NightRide has put its operations on a temporary hold citing a shortage of staff.

The coronavirus pandemic caused a drastic departure of student workers at the University of Cincinnati’s (UC) NightRide, which is temporarily halting service due to a shortage of staff

Since 2019, NightRide has lost nearly 30% of its student workers, who make up the majority of the service’s employees, according to data obtained by The News Record through a public records request. 

“Last year, when the university shut down, the majority of our student workers went home and either did not return to campus, or did not resume their employment with NightRide,” Kelly Cantwell, spokesperson for UC’s Department of Public Safety, said in an email. 

“In addition, with fewer students on campus, we had very few applications and were unable to replenish the staffing,” Cantwell said. 

Students work as drivers, navigators and dispatchers, Cantwell said, adding each van has a driver and navigator, with one to three dispatchers in the office taking calls and routing vans. 

Other than the 23 student workers currently employed with NightRide, there are two full-time staff members, according to employee headcount data. 

NightRide provides safe nighttime transportation to hundreds of students, faculty and staff. But the service has experienced a steep drop in ridership since the beginning of the coronavirus pandemic.

Average nightly ridership was 409 in 2019. That number dropped to 124 in 2020, though the university did not operate the service from April to July and in December of that year as a result of COVID-19.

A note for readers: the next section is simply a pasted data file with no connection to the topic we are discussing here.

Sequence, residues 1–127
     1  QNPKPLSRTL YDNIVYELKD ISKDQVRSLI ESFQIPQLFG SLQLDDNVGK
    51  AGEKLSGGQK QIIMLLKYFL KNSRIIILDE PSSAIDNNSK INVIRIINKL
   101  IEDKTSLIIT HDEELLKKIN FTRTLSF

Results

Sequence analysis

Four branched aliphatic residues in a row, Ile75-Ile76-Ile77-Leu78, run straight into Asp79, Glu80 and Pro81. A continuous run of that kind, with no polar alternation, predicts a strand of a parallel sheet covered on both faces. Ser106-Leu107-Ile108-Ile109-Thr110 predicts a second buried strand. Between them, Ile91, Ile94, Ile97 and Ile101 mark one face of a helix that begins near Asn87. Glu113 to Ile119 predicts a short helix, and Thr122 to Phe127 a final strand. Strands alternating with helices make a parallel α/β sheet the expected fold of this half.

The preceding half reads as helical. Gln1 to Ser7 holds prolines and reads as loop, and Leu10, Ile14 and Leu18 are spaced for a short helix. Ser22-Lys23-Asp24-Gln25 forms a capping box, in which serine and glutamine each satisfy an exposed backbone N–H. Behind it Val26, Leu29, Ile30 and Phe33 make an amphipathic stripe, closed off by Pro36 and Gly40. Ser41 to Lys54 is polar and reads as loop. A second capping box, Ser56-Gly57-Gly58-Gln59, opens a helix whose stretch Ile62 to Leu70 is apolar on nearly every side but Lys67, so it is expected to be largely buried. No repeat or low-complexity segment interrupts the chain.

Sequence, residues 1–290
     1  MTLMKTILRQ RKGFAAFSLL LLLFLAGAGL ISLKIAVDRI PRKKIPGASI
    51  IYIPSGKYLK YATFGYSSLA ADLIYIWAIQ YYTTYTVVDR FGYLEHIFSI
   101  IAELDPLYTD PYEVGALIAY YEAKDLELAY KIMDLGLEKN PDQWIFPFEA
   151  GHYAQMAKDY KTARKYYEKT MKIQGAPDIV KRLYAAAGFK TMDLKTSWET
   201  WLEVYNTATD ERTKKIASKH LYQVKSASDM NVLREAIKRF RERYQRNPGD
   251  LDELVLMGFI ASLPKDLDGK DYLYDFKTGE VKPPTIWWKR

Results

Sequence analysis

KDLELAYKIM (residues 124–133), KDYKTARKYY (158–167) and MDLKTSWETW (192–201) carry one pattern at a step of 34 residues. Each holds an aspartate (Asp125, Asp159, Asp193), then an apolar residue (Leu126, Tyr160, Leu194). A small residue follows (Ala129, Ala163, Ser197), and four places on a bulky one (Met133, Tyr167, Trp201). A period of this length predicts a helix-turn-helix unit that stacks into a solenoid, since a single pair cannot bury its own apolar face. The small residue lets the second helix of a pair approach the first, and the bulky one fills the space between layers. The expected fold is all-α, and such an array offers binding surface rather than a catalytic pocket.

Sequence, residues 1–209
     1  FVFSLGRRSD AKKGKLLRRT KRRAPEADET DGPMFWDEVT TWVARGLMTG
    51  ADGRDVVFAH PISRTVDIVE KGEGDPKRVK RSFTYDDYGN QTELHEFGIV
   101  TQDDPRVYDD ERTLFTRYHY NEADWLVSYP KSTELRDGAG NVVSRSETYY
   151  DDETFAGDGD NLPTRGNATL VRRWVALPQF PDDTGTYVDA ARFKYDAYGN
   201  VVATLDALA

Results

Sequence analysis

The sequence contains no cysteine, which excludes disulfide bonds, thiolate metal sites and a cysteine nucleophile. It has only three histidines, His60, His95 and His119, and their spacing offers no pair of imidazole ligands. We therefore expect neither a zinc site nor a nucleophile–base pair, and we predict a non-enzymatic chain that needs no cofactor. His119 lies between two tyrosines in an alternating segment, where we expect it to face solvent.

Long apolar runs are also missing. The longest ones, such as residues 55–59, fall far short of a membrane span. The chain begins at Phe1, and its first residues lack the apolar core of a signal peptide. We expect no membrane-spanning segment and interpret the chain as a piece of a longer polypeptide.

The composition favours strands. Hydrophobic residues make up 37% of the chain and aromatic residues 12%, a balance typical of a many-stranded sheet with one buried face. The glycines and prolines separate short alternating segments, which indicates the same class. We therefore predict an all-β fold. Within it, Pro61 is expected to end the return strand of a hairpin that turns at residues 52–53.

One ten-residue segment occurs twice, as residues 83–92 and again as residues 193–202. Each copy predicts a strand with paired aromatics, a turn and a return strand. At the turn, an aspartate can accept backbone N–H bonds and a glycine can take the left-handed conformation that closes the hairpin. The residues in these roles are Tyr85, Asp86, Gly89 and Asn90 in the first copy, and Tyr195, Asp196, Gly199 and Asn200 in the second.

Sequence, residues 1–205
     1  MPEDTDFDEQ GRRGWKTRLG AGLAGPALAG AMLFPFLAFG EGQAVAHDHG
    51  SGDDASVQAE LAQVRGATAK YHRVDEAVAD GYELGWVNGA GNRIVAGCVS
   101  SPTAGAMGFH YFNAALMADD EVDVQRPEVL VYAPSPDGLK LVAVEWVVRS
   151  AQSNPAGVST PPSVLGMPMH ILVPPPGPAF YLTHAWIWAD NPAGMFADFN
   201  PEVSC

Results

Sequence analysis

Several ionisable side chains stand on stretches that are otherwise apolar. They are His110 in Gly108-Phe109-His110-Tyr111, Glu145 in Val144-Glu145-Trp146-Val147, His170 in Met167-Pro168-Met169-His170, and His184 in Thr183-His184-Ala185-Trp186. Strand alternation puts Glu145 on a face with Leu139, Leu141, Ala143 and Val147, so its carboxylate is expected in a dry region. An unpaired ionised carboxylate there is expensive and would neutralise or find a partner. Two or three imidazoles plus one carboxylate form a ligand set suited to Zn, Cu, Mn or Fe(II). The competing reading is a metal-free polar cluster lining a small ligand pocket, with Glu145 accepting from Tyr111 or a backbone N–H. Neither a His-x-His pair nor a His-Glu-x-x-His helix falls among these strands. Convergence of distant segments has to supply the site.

Average nightly ridership is at 91 so far this year – a decline in ridership of nearly 78% from 2019 to 2021.

NightRide services are suspended until the university hires enough staff to resume operations. 

Normally, NightRide operates from 8 p.m. to 2 a.m. and “provides on-demand safe transportation for students, staff and faculty within one mile of UC's main campus,” the university’s website states.

Riders can request service using the NightRide app, which is available for download on the App Store and Google Play, though a Bearcat Card is required.

NightRide made several operational changes in response to the pandemic such as requiring riders to wear face coverings – regardless of vaccination status; present a green pass from the COVID Check App; and cutting van capacity in half.

While it remains to be seen how long NightRide will be shut down, Cantwell said students who feel uncomfortable and are in need safe transportation should contact university police at 513-556-1111.

“We encourage students to walk with at least one other person at night, if at all possible,” Cantwell previously told The News Record, adding the university’s Bearcat Guardian app is another resource students might find helpful at night.

The app has a safety timer feature which allows students to choose a friend, family member or UCPD as their “guardian.” That guardian can track the student as they walk home, and they will also receive a notification when the student turns off the timer or if it is not turned off before the timer expires.

There is also a 24-hour emergency call feature “that allows for location sharing, and a chat feature that allows students to send messages, including photos and their current location, to UCPD,” Cantwell said.

Anyone interested in working for NightRide can apply here.